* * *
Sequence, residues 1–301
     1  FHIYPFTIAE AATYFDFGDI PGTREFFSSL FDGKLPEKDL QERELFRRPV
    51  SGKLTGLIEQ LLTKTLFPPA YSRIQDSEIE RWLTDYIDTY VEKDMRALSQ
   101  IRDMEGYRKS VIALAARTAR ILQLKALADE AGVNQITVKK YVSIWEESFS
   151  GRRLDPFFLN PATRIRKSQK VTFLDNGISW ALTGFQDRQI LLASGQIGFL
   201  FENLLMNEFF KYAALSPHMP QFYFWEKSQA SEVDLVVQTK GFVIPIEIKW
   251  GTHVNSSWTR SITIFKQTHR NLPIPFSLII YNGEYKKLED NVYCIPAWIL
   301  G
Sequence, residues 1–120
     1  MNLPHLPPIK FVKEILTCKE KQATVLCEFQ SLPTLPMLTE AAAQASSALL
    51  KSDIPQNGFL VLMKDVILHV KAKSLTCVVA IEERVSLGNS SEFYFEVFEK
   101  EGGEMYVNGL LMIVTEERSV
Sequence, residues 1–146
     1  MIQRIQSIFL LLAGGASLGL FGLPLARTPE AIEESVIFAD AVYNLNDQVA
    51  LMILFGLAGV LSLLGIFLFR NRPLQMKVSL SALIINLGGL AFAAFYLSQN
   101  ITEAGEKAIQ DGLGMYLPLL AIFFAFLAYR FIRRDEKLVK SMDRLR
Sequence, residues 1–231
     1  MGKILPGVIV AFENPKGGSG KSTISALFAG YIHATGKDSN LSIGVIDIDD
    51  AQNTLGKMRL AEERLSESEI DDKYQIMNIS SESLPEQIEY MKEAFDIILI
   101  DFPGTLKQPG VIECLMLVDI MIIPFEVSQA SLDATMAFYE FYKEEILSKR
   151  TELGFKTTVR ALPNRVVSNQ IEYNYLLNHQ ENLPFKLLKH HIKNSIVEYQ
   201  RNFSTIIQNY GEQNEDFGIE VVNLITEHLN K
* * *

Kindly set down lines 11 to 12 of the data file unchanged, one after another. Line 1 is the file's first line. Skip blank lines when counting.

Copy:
    51  KSDIPQNGFL VLMKDVILHV KAKSLTCVVA IEERVSLGNS SEFYFEVFEK
   101  EGGEMYVNGL LMIVTEERSV